A number of years ago I was approached by a teenage, Haredi boy in the airport who wanted me to buy cigarettes for him. Startled, I looked at him and asked which rabbinic certification he was relying on. It took him a minute to realize that I was not going to buy him the cancer sticks which would bring him years of agony and misery.
I’ve now been shown up. One of the weekly parashat hashvua papers which shows up regularly in my synagogue featured a large, colorful ad advertising five (!) brands of Dubek cigarettes with three different Rabbinic approbations attesting to their Passover kashrut – and, of course, free of kitniyot (legumes shunned by Ashkenazi Jews on Passover.
I don’t know what self-respecting rabbi would give his stamp of approval of a product whose package, by law, proclaims that it causes diseases and premature death. Is it not about time that responsible rabbinic leadership take a courageous, firm, and unequivocal stand prohibiting – once and for all – the use of cigarettes?
I understand the hesitation to take such a stand in the mid-20th century. The medical evidence was just beginning to pile up and many prominent rabbis were already smokers – to ban the product as forbidden would have been embarrassing. Rabbi Moshe Feinstein, the great halakhic authority in the US, came close to such a ban but stopped short, proclaiming that “God protects the fools,” referring to those who had begun the habit without being aware of its dangers, but stating that one should not begin smoking now that the medical danger is clear. That was 50 years ago!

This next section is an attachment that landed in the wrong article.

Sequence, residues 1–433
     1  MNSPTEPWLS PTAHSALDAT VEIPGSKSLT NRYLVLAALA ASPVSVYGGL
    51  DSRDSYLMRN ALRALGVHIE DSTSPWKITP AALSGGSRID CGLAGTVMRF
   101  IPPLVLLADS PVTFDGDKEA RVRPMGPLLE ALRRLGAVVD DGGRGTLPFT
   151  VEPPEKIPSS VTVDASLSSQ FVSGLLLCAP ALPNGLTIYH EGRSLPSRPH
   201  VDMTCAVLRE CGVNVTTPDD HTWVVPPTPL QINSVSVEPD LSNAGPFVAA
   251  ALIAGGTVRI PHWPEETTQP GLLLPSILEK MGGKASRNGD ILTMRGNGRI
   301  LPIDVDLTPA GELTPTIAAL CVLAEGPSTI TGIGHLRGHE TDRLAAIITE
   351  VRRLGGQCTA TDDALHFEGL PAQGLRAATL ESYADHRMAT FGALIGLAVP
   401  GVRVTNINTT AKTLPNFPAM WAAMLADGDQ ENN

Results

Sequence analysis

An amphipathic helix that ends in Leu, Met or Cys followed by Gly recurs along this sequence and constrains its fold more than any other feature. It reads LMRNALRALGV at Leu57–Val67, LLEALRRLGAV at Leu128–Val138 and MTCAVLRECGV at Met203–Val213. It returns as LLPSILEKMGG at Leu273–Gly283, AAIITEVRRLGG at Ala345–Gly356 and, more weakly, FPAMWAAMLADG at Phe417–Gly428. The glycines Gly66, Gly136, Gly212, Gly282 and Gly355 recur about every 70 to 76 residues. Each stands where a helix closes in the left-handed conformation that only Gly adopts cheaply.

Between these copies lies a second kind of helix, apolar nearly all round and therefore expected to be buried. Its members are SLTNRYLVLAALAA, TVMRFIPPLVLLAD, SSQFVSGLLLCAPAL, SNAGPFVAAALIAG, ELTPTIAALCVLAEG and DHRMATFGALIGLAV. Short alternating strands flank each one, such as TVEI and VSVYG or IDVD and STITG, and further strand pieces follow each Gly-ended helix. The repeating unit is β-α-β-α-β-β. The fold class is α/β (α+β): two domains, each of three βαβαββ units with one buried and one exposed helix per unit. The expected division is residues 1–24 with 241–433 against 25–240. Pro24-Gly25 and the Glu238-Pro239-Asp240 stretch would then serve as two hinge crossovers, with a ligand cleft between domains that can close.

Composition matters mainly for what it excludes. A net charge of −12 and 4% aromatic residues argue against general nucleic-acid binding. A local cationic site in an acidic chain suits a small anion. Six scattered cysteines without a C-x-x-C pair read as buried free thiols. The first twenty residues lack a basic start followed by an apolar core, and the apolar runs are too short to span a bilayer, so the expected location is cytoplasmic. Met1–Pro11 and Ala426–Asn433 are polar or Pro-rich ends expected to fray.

Fifty years ago the Marlboro man was still an American hero and cigarettes were advertised without hesitation. They were seen as a status symbol; cigarettes were prominently featured in movies. It was cool to smoke. There were even special cigarettes marketed to women celebrating their liberation and independence from male hegemony. But “we’ve come a long way, baby” (from the Virginia Slims brand marketing in 1968). Throughout the Western world cigarettes are banned from buses, airplanes, restaurants, and other public spaces. Many yeshivot have banned smoking from the beit midrash after students fell dangerously ill from second-hand smoke.
The time has come, once and for all, for rabbinic authorities to declare the cigarette as unkosher. Publications priding themselves in their Torah-values should reject ads for cigarettes, just as cigarette ads are banned in other media. And next year, in Jerusalem, without the cancer sticks – even those free of kitniyot.